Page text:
You Me & Us

...Just as Tiffany was never heard to mention she fancied going to Bowlie, so [B]Martine[/B] never once pretends that there's always been an Alanis element to her music....

More than ten years ago, in the wake of wild television success with [I]Tutti Frutti[/I], Robbie Coltrane dismissed the accusation that he had abused his position as a famous actor in order to make a pop record, which just so happened to be rank. Pop stars regularly exploited their fame to land film roles, so why not vice versa? Coltrane suggested that [a]David Bowie[/a], for instance, “couldn’t act his way out of a jam sandwich”.

The big man may have had a point, but it hardly atones for all the shocking music made in the past decade by Italia Conti School brats whose acting wasn’t sufficiently good enough to sustain a career so had to diversify and discover A Voice. Martine McCutcheon, however, may just be the exception that proves the rule. Consistently the best thing about [I]EastEnders[/I] in recent years – all things being relative, mind – no-one could credibly denigrate her abilities as an actress. Yet the fact that she patently does possess A Voice and even has the wherewithal to do something decent with it can only come as a shock.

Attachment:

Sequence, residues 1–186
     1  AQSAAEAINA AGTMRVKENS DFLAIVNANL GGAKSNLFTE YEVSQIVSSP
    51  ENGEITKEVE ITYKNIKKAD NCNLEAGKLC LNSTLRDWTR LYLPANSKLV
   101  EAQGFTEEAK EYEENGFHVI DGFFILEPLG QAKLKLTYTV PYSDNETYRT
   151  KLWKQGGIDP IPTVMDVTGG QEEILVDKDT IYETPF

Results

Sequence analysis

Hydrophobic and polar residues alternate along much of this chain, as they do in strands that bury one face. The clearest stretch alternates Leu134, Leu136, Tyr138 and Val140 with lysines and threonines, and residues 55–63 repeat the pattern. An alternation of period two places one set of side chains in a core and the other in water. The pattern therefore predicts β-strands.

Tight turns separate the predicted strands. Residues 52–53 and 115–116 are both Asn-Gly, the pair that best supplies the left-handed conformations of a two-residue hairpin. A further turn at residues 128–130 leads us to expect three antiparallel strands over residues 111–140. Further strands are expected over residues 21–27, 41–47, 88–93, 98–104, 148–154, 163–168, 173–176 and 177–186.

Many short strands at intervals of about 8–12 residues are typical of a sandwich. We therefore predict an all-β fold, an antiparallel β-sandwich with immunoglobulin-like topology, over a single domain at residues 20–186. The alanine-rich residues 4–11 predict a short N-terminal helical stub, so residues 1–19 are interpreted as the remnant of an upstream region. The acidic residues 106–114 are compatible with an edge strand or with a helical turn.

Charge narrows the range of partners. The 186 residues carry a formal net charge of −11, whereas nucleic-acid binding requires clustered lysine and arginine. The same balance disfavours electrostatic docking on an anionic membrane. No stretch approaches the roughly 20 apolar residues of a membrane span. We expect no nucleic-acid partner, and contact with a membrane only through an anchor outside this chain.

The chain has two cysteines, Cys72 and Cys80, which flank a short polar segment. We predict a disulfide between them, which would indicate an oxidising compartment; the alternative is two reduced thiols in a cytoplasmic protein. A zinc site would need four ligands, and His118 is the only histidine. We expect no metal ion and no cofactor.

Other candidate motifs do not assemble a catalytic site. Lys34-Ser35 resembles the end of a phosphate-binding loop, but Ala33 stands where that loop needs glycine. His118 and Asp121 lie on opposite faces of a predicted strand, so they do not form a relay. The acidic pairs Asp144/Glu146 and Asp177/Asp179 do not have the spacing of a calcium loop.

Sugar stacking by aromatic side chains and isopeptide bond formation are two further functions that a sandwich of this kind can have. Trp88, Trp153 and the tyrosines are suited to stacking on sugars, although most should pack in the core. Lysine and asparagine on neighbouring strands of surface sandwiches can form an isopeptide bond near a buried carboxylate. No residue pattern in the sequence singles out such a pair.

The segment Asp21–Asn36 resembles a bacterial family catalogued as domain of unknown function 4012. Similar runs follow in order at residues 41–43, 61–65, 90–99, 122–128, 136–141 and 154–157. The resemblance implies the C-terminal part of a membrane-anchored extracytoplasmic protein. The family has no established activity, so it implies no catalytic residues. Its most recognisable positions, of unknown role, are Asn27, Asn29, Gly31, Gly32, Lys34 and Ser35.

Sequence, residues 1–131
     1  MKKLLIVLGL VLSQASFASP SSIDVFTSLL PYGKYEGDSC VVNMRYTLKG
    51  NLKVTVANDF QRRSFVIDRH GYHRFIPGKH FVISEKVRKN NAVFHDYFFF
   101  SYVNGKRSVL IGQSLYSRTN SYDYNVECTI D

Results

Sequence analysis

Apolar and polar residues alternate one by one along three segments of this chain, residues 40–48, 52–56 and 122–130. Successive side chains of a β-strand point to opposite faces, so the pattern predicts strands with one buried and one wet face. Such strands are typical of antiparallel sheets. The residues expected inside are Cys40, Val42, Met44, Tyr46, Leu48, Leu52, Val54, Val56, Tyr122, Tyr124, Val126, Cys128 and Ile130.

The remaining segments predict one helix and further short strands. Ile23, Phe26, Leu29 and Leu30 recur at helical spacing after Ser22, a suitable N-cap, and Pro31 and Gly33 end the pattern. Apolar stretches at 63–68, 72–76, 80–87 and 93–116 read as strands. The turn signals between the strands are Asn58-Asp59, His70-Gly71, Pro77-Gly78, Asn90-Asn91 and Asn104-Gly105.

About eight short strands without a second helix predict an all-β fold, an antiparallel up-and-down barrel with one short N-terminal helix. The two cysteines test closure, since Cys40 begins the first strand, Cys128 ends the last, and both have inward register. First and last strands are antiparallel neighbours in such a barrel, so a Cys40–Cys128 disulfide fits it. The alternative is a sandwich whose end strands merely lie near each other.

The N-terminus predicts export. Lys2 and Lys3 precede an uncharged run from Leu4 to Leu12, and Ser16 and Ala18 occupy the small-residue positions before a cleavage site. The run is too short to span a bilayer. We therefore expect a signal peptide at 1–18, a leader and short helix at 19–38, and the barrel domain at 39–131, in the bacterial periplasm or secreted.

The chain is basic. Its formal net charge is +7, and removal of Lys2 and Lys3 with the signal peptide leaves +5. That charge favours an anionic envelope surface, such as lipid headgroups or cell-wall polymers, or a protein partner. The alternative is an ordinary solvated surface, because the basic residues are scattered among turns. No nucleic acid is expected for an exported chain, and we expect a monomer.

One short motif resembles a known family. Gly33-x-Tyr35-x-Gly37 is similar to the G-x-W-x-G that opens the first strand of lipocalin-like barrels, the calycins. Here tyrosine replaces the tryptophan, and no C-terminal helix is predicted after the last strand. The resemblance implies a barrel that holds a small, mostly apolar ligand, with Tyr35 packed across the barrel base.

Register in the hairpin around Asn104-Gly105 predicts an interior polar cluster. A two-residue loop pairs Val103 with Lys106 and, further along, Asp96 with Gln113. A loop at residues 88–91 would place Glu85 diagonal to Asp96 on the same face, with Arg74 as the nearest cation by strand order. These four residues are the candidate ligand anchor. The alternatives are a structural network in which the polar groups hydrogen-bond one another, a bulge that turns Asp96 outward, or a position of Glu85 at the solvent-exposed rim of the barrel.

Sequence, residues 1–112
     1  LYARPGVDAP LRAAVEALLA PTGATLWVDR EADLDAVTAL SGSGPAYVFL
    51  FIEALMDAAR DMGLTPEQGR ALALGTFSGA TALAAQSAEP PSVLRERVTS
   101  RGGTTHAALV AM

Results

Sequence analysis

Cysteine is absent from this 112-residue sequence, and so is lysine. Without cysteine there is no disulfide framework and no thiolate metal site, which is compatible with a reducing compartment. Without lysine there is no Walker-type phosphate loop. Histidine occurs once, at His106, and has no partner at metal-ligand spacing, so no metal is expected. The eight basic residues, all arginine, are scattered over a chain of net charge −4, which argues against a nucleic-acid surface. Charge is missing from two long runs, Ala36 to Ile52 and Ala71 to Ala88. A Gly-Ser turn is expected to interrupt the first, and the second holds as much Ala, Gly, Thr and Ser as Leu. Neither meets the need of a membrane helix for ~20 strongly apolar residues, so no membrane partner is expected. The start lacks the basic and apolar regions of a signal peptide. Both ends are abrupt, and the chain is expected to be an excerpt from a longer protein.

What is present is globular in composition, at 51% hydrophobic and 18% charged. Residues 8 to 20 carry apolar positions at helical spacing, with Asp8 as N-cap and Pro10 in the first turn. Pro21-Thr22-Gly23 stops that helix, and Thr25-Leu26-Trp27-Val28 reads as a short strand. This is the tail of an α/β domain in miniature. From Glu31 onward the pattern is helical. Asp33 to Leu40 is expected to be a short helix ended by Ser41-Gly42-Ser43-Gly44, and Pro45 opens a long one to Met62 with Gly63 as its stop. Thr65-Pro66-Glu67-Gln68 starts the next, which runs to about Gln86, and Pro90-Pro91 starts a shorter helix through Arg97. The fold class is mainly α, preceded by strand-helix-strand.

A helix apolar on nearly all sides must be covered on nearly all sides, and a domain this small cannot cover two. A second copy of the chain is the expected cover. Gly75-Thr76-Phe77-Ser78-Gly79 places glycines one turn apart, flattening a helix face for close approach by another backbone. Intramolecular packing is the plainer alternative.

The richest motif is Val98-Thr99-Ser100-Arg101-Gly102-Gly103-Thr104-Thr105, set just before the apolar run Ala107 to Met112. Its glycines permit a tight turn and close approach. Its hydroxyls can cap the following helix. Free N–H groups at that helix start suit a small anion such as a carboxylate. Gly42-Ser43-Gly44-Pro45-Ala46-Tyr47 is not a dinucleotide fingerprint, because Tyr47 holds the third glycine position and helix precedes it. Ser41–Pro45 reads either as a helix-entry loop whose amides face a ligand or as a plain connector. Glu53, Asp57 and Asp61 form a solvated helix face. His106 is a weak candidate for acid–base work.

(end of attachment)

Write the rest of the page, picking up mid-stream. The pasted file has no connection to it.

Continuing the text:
‘You Me & Us’ is drenched in the usual emotional troths one would expect from a young woman whose favourite singers are Barbra Streisand and Luther Vandross. In the space of the first two songs alone, all human life totters between total rapture (‘Perfect Moment’) and absolute devastation ([I]’Falling Apart'[/I]). Love is a thing of satin sheets and candlelight and staring out of windows on rainy days. There is even a song called ‘Rainy Days’, the lone handbag-compatible inclusion amidst a welter of ballads, and even it frugs with a regretful rather than euphoric air.

This is, then, an immensely reassuring album. Just as Tiffany was never heard to mention she fancied going to Bowlie, so Martine never once pretends that there’s always been an Alanis element to her music. She co-writes four songs, and each follows the template to the last detail (“Does it scare you and unnerve you/That I make you feel so good?”). Honesty: this is her ultimate vindication, as well as a voice sufficiently true to breathe some life into the clichis. There’s even the occasional moment of hymnal purity that all the greatest pop evokes. In ‘I’ve Got You’, producer Tony Moran has even written her a decent, sunny-side-up personal anthem.

Of course, this record will sell primarily because Martine was and will forever be Tiff. And for sure, Tiffany’s wronged woman rep is played for all it’s worth, to the extent that the album closes with a belt through ‘Maybe This Time’, Sally Bowles‘ maudlin signature tune from [I]Cabaret[/I]. But unlike so many of her talent school peers’ success, it won’t reek of wholesale connivance. She’s a good singer, but perhaps Martine McCutcheon is a better actress than anyone realises.